Caltrans publishes a quarterly performance report they call Mile Marker. For the June 2015 edition, the California transportation agency debuted new performance measures, including data on use of active transportation, on-time intercity rail trips, as well as cyclist and pedestrian fatality rates. They also highlighted a the successful implementation of a road diet project for downtown Redding, California. The cover features people biking and walking across the Sacramento River on the Sundial Bridge in Redding.
Caltrans sets targets for itself to reduce auto driver and work-zone worker fatalities, improve road pavement and bridge quality, and improve the public’s perception of the agency. These goals and Caltrans’ performance are published in this Mile Marker publication.
For June, Caltrans now collects and publishes numbers for bicycle, pedestrian, and transit rider fatalities; use of non-auto transportation; and on-time performance of intercity rail service. Caltrans Director Malcolm Dougherty (who, incidentally, can be seen biking to work in Sacramento) writes that tracking these numbers reflects “a strong indication of our expanded focus on transportation alternatives, active transportation and a fully integrated system.”
The introduction to the June issue emphasizes Caltrans shift in direction.
It’s a new day at Caltrans, with new priorities, new goals, and new commitments. To refer to Caltrans merely as a highway department would be to miss the point of a revolutionary shift in focus and values. Safety, of course, remains Caltrans’ top priority. But now it is linked with health–a connection that is rare among transportation departments.
Making it easier to get around without a motorized vehicle encourages healthy lifestyles. So Caltrans has placed new priority on active transportation and on safe routes for bicyclists and pedestrians.
Reducing transportation-related pollution also fosters healthier lives, while helping California maintain its leadership role in the battle against global warming. So Caltrans has increased its focus on transit systems and sustainable links between all modes of transportation.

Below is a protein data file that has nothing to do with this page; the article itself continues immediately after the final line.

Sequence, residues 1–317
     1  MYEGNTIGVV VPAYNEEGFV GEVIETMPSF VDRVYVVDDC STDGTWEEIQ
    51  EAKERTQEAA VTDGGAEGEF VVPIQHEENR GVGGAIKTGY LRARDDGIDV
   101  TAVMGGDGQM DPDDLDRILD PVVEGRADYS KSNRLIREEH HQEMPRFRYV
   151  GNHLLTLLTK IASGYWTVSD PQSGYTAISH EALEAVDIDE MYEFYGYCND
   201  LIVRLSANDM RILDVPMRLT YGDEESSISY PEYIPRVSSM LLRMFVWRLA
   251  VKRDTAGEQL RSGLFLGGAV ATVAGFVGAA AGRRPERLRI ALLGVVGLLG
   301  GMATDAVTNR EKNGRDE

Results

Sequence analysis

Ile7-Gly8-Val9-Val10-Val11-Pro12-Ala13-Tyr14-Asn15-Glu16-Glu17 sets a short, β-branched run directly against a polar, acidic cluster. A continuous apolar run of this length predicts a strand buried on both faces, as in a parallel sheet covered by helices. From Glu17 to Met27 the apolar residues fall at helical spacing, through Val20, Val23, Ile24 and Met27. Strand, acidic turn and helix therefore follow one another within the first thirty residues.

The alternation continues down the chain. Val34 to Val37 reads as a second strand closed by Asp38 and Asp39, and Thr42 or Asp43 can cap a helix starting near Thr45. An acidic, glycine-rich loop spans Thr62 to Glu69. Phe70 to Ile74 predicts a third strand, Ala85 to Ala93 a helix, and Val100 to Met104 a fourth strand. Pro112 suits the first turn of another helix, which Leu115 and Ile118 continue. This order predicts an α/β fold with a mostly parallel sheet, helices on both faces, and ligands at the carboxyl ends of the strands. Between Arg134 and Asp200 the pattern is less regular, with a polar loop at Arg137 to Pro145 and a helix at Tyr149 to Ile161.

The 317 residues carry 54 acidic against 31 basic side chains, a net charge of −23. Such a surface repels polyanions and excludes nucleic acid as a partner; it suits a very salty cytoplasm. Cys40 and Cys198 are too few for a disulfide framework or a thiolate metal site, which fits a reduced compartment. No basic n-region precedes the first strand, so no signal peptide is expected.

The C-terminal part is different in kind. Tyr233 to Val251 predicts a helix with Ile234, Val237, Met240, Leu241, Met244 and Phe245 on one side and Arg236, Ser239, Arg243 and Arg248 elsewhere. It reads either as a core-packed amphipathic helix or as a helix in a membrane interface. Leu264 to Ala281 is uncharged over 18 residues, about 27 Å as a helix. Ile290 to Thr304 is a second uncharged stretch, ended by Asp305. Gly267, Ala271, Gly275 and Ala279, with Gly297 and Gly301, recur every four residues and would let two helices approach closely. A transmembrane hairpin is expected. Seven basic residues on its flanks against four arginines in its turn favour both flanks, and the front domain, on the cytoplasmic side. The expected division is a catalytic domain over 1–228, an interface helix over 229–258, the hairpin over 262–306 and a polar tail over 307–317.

Bicycle, pedestrian and transit safety
To work towards this goal of improving non-SOV transportation, Caltrans now collects numbers related to these modes of transport. They acknowledge the lack of good statistics and are working to eventually improve the data. In the meantime, they’ve found that while motorist fatalities have dropped significantly on state highways over the past decade, the same cannot be said of cyclist and pedestrian fatalites.
Redding Road Diet
Redding is a city of 90,000 people in Shasta County with an overwhelmingly conservative electorate. Transportation planners in the great state of Northern California have historically designed only for faster roads for more cars, which means a sucky built environment for downtown Redding.
Caltrans began planning for what they called the “Downtown Redding Thin Blanket Overlay Pavement Resurfacing Project” for State Route 237, which is otherwise known as California Street through downtown Redding.
On Bike to Work Day, Caltrans District 2 Director John Bulinksi and city of Redmond Public Works Director Brian Crane participated in a group ride and heard from residents about the crazy concept of a road diet for California Street. Caltrans engineers determined they could easily reduce California Street from three lanes down to two and use the leftover space for buffered bike lanes. In spite of opposition from downtown businesses that thought they depended on auto traffic to survive, Caltrans proceeded to “right size” California Street.
The result has been a much more pleasant environment for all users of the public space, and more jingle in the pocket for downtown businesses. James Mazzotta, owner of the Enjoy Store, a fine gifts and gourmet food shop in Redding, said, “I was initially concerned and not happy about the idea to go from three lanes to two on California Street. But, now I love it!” he said. “The foot traffic at our business has increased threefold. It’s fantastic!”
You can find the new Mile Marker at this page. To avoid the fancy page-flipping interface that tries to retain a hardcopy book metaphore on an electronic display, try the handy PDF downloads located at the bottom of that page.